All Summer in a Day Questions and Answers
by Ray Bradbury

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How and why does the children’s point of view change over the course of the story "All Summer in a Day"? What lesson or theme does this change convey?

The children's point of view changes after experiencing sunshine for the first time and sympathizing with Margot's unique situation in "All Summer in a Day." Initially, the children were intolerant of Margot and locked her inside a closet when the sun came out. Tragically, Margot missed the opportunity to enjoy the sunshine. When the thunderstorms resume, the children regret their actions. Their change of perspective conveys the theme regarding the importance of exercising tolerance towards others.

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As the story opens, the other children are jealous and resentful of Margot, especially a boy named William. They resent her because she came to Venus later than they did. Therefore she remembers the sun, which they do not. She comes across as being superior and putting on airs because she has memories they don't understand and don't share.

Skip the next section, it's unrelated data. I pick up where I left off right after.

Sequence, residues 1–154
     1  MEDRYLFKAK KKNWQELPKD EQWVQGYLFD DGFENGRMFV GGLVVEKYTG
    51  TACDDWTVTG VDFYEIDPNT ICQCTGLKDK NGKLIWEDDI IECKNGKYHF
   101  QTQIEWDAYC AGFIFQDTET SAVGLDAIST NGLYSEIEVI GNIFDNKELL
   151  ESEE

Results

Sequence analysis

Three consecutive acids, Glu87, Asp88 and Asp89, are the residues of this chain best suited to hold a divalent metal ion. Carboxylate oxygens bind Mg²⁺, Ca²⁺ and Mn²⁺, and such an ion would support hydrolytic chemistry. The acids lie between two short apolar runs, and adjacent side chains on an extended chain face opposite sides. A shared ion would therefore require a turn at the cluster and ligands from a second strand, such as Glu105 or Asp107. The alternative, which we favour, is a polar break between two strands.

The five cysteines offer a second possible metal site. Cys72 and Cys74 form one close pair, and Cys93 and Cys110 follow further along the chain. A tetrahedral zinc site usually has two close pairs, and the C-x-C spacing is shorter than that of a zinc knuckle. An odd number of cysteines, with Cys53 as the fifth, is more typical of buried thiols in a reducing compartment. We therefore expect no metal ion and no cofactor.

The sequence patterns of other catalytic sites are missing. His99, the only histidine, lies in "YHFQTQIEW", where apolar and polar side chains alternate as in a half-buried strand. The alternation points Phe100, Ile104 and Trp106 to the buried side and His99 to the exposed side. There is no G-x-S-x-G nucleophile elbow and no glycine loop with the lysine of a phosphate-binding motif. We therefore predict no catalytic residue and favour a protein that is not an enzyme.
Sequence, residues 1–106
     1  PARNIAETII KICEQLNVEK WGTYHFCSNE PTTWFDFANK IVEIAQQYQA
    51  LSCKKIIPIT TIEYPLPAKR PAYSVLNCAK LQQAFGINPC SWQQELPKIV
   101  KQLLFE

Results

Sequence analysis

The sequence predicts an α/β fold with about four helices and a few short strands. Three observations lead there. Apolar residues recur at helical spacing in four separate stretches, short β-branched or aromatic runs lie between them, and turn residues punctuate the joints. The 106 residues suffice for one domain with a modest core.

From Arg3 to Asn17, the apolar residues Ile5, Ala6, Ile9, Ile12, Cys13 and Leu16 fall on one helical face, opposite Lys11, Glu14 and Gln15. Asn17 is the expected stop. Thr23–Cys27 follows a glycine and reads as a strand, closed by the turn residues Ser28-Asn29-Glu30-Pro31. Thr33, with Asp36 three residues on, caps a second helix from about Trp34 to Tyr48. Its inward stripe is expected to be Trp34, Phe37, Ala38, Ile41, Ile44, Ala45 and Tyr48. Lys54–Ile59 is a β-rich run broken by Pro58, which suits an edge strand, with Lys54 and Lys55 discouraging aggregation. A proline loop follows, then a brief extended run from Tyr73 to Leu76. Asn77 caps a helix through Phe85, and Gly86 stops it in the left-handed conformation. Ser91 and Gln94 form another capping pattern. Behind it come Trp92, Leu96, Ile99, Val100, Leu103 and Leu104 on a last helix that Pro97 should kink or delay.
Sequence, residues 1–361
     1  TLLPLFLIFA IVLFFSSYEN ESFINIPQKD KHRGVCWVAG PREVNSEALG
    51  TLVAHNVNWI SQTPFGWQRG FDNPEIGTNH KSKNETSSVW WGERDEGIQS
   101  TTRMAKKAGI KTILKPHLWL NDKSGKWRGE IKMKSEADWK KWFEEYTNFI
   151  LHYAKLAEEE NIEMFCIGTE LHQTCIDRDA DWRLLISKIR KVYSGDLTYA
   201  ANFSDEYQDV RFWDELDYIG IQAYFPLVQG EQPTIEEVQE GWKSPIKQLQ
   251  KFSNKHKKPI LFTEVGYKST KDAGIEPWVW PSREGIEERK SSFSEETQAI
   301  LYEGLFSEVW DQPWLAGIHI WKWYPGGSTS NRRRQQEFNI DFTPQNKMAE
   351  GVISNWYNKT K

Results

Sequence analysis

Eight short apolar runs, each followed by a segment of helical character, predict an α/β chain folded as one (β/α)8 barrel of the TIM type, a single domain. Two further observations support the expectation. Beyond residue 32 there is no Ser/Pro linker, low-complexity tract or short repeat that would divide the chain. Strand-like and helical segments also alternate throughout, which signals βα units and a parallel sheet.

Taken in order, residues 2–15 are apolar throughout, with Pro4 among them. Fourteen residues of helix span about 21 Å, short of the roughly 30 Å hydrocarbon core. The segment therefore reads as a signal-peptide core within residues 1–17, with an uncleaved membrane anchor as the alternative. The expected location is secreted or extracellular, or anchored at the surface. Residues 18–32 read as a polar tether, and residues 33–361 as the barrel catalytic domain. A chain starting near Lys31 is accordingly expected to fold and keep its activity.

More basically, she is the child who doesn't fit in. She is lonely and unhappy on Venus. She refuses to join their games. She longs for sun, something they can't miss, because it is not part of their lives. She is the archetypal outsider. She rejects a life that feels perfectly normal and acceptable to them.

When the rain is about the stop and the sun comes out for the first time in seven years, the children angrily lock Margot in a windowless closet. This is a way to level the playing field for a few minutes: apparently, they mean to let her out in time to play in the sun, but they forget.

They forget because they are so overwhelmed at the sun. They...

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